3 Year Diagnosis Anniversary

You guys, January 10th was my 3 year diagnosis anniversary and I can’t believe how much time has flown by as well as how slow it feels. I don’t know, time is such an odd feeling. When I think back to the beginning of my journey, it feels like such a lifetime ago, but there are things that feel like they only happened months ago, when it reality it was YEARS ago.

But here we are. 3 years later after venturing one of the biggest curve balls life decided to throw me. I mean I am no stranger to illness guys. I endured A LOT with my ears, including 3 surgeries. And you would think that would be my toughest journey, but I was born with it. It’s all I knew. I have no idea what my hearing should have been. Everything I have now, even though it’s not “normal” is still better than what I had. I think that particular health journey was much harder on my parents than it was for me. And then when I was loosely diagnosed with endometriosis, I was still left in this grey area. You can’t officially be diagnosed unless you do a laparoscopy, which is considered to be too invasive unless absolutely necessary. Because my case was considered mild and I am not at this time planning on having kids, it was more about managing my symptoms. And I was fortunate to find something pretty quickly that has really helped. It will be interesting to see how this journey changes once I do go down the road of wanting kids. I know there is a part of me that worries I never will be able to and my boyfriend and I have already discussed this.

But UC. Shit (pun not intended), it really shook me. I had an entire healthy part of life before this disease. I had experienced myself at my peak. And then it changed and I realized how much we take health for granted.

I really struggled with this journey, and still do some days. It was never just a “poop disease”. It took so much from me at my worst, including my mental health. I couldn’t even tell you how many times I cried myself to sleep. How many nights I lost sleep due to medications, pain, and urgency. How many hours of my days were spent in a washroom, hunched over a toilet, in an emergency room, in a doctors office, in a lab, or in bed. How many nights I would just hope that this time it would work. That this treatment would be the one. Disappointment and I were really closely acquainted in the beginning. It would start off so well and I would have this tiny taste of feeling better and then bam, within weeks or months I would be back to square one or often worse.

And in between all of this I still tried to push myself to live life. I still went ahead and attended my Masters program. I had gotten 2 new jobs in the 3 years. I still travelled (but quickly learnt to pull that back). I just tried to push myself to be “normal” because let’s be honest- I’m stubborn. I wasn’t ready to admit that this was it. That life had to pause. Because if I have learnt anything from watching my own best friend and her cancer journey, it’s that life doesn’t stop. That’s not really a luxury we get. It continues to go.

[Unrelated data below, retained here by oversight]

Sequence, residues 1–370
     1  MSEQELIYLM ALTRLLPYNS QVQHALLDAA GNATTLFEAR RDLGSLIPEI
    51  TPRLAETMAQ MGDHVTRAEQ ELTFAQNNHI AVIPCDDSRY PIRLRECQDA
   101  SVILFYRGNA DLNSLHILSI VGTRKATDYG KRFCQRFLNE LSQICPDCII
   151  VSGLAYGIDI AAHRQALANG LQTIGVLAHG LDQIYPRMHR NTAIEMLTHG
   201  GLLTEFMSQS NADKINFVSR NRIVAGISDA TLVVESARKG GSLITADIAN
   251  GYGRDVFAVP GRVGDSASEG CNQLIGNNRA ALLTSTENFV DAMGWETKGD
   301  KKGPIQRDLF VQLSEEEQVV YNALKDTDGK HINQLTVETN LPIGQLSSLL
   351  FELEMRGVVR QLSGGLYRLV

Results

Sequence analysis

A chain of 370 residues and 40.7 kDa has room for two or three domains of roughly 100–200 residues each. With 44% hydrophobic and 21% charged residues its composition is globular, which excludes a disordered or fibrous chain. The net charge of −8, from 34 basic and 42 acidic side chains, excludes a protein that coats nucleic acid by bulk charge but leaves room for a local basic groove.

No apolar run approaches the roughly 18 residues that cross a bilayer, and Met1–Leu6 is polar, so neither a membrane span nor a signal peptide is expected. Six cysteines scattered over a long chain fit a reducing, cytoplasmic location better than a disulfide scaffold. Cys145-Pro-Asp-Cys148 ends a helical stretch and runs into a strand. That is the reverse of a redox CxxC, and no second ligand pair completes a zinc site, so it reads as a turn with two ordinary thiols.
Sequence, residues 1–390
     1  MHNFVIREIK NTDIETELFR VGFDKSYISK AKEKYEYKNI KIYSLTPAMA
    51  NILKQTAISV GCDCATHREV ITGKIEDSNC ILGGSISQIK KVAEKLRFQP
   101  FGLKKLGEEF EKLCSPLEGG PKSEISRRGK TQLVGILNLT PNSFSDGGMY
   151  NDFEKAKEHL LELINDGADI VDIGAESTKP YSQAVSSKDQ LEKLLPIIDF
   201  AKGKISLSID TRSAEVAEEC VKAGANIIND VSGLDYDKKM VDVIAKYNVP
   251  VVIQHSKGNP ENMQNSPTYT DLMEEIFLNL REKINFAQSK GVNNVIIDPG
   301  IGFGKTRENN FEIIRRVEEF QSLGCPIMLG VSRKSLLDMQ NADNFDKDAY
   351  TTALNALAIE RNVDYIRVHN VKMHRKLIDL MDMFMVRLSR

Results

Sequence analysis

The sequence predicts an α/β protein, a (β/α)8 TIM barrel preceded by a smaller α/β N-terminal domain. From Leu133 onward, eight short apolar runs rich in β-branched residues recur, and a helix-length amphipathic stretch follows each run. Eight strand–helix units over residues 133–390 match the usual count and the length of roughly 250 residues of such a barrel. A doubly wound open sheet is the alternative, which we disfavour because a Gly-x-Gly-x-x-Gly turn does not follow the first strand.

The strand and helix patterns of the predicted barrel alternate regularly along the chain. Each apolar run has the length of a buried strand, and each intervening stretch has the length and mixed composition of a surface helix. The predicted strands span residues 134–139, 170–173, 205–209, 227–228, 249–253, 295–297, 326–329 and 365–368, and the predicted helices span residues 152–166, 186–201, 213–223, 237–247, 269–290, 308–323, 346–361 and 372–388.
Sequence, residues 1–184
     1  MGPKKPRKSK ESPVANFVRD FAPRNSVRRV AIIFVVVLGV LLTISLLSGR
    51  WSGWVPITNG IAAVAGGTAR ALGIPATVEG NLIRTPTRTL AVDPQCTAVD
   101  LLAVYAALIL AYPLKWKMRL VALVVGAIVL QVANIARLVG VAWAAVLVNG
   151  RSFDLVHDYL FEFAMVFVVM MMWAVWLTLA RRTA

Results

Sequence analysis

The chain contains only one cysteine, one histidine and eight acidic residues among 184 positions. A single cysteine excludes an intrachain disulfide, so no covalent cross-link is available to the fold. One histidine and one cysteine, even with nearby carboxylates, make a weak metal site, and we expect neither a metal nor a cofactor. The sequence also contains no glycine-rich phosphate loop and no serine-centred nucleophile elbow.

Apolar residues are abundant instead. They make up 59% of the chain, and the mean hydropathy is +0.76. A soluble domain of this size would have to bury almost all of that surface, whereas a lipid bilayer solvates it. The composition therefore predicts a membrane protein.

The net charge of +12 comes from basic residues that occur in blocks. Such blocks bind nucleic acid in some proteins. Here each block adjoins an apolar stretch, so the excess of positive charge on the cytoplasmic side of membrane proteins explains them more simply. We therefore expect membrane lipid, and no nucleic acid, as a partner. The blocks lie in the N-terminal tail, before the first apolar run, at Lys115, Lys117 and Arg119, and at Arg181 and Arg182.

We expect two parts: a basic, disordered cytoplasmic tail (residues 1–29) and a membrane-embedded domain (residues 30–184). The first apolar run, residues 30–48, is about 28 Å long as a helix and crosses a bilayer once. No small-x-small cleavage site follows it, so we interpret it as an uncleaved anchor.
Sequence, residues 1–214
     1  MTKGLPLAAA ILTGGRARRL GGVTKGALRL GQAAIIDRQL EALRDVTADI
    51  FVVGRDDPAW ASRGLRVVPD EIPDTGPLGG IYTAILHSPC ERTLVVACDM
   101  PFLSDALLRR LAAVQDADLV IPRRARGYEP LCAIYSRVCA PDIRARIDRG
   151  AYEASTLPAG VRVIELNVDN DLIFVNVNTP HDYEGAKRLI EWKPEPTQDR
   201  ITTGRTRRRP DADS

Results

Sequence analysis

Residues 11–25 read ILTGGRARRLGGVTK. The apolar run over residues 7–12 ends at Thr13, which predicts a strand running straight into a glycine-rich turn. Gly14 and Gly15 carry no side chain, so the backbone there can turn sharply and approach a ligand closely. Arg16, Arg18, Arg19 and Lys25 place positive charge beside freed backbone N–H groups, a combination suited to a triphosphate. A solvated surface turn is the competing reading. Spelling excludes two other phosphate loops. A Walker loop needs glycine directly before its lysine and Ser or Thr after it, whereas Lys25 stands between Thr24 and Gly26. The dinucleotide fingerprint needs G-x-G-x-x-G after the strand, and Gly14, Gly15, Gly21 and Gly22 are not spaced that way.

I think looking back I would tell myself to take things a little slower. Not necessarily pause life, but accept that I have to give myself a different pace. It took a long time for me to clue into this one. But other than that I don’t have too much I regret. I think being so open and vulnerable about my journey has really allowed me a chance to truly reflect on what I am going through. I think my toughest moments have ultimately made my small victories feel even more magical. I feel like these growing pains have ultimately contributed to me being a better person overall. I mean I still have a lot to work on and am faaaar from perfect, but I think I’m finally starting to like the person I am becoming. And this has been one of the biggest gifts I’ve gotten from this disease. Because even before I got sick, I really struggled to love the person I am. I struggled with my identity and confidence. I spent too much time comparing myself. And I still do from time to time, because social media is a thing. But I am learning that everyone has their own battles and their own insecurities. We are all at the end of the day struggling in our own ways. We are all going through our own set of ups and downs. And if I was anyone else, I’m not sure I would have gotten through my own journey the same way. And I like where I am headed. Still got roads to go, but it’s a good path to go down.

Ciao amigos



To see my 2 year anniversary post go here. To see my 1 year anniversary post go here.

Published by shitsandgiggleswithb

A 20 something university graduate who was recently diagnosed with Ulcerative Colitis. Follow me and my journey with this chronic illness.

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